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Innovative Approach Aims to Unleash Private Finance for Sustainable Infrastructure in Developing Countries

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New York, 22 September – An innovative initiative that aims to dramatically increase finance for sustainable development infrastructure announced that it was entering into a new, and pivotal phase this week, it was announced at a press conference at the United Nations today in the run-up to the Climate Action Summit.

The Initiative on Closing the Investment Gap for Sustainable Infrastructure (the CIG Initiative) announced the launch of the third phase of its mission to match private financing with specific infrastructure initiatives in developing countries.

Building on its 2018 pilot phase to pique the interest of private investors in such projects, Phase 2 in 2019 helped nine developing countries partner with private investors and other stakeholders to develop thirteen project portfolios worth USD 4.27 billion, all of which advance the Nationally Determined Contributions (NDCs) and Sustainable Development priorities of these countries. Over fifty private sector partners are engaged in the development of the projects, which are currently moving through the process to reach financial close.

Luis Alfonso De Alba, the UN Secretary-General’s Special Envoy for the 2019 Climate Action Summit, recalled: “The Secretary-General has called on leaders to come to the Climate Action Summit with plans to accelerate action to secure our path towards a 1.5degree world by the end of this century. Unleashing finance is critical to accelerating this transition. The CIG Initiative works at the heart of this challenge, at the nexus of financing, development, and sustainability, and is helping create the new reality of large-scale private finance for nationally led sustainable infrastructure.”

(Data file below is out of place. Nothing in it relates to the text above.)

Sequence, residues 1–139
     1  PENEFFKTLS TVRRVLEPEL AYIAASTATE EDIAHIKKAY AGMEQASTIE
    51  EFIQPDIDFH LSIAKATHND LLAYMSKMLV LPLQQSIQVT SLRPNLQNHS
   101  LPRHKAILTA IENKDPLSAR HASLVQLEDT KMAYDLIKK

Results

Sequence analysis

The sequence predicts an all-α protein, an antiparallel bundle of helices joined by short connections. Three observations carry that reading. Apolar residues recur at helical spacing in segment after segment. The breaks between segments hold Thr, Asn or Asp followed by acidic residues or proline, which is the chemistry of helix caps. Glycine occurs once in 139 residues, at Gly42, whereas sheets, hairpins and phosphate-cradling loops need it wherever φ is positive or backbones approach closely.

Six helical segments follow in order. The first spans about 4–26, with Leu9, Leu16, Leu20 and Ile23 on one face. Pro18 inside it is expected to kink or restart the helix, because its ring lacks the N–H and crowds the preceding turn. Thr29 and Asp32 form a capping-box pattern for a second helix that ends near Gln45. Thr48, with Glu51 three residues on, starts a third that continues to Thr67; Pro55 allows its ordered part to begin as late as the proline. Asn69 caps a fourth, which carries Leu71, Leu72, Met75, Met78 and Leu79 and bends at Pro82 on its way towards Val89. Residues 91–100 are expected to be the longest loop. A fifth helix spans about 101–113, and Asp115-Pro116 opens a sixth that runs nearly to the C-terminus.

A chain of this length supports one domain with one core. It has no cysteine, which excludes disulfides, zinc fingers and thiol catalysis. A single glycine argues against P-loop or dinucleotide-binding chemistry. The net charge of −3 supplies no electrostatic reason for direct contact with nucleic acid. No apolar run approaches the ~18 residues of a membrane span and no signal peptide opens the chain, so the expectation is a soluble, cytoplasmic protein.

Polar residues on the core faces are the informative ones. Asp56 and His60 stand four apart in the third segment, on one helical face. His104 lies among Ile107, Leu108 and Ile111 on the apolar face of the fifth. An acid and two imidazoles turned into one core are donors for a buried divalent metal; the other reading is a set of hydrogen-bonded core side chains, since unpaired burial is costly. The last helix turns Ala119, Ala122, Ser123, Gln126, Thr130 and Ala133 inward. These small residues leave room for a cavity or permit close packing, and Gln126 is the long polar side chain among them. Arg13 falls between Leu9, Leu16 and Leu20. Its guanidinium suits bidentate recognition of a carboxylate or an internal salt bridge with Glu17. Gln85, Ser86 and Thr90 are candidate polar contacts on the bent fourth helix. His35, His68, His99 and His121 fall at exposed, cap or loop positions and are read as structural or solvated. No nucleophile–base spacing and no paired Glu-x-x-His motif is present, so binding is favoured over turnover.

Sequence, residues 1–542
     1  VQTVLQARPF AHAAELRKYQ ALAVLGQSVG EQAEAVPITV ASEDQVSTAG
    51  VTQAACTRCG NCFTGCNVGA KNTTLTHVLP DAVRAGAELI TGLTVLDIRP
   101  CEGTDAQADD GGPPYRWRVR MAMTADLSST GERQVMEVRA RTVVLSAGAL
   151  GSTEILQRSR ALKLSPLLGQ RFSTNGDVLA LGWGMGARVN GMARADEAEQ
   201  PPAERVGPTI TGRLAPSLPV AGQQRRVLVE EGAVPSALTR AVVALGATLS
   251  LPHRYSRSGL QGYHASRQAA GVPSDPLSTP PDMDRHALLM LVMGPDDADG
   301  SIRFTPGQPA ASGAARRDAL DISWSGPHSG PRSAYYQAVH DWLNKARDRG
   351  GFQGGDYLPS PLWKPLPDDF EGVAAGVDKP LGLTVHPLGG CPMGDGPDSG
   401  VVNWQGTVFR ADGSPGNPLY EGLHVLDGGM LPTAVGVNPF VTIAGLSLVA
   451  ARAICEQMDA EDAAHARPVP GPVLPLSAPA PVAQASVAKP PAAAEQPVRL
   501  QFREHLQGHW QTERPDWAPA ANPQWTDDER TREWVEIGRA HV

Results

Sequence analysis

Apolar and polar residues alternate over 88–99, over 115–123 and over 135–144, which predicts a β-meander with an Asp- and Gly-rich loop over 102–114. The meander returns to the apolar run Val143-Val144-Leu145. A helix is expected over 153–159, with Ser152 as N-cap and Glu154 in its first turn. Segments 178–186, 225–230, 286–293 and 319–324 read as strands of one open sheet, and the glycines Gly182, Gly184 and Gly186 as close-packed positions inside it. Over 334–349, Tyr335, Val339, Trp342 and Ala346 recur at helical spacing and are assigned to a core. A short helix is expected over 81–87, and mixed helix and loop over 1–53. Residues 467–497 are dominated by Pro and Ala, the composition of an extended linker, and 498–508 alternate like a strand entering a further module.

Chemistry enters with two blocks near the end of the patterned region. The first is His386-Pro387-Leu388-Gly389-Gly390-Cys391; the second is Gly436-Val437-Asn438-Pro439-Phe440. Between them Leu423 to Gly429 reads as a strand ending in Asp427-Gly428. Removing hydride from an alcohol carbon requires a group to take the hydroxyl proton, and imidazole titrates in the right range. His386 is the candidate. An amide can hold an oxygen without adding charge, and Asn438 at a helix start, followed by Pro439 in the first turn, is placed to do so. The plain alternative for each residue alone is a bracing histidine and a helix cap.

The projects include a water system and a pair of grid-tied solar power plants in Bangladesh; a remote solar farm serving a copper mine and an indigenous community in Chile; an electric bus conversion program and district cooling in Colombia; a program to green dry ports in Egypt; wind farms and solar projects in Ethiopia; green shipping in Fiji; a special economic zone and a wind farm in Jamaica; geothermal energy in Kenya; and a hydropower plant in Vietnam.

Dr. Irving Mintzer, Director of the CIG Initiative, said developing countries were the driving force for the initiative. “This is an exciting and necessary next step for the CIG initiative. As we hurtle towards the first review of the NDCs under the Paris Agreement, the need for large-scale funding on the ground is becoming ever more urgent. This developing country-led initiative helps them build the capacity to develop project portfolios that are attractive to private capital. Through this process, we are helping deliver the transformative flows of finance needed.”

Phase 3 of the CIG Initiative will take this approach to scale, increasing the number of countries, investors and projects, and helping create a “new normal” ecosystem of large-scale private investment for sustainable infrastructure in wide-ranging areas such as energy, transport and resilience across the Global South. Importantly, Phase 3 will also prioritize gender equality concerns. The governments of Denmark and Canada will continue to support the initiative in its next phase.

H.E. Ms. Kamina Johnson-Smith, Foreign Minister of Jamaica, showcased Jamaica’s projects during the UN General Assembly high-level week in New York. She observed: “As co-chair of the Group of Friends on Sustainable Development Financing as well as co-lead on Climate Finance and Carbon Pricing for the Secretary-General’s 2019 Climate Action Summit, we believe that the CIG approach, when scaled up, will be essential for unleashing flows of private investment to support the implementation of NDCs and SDGs in developing countries.”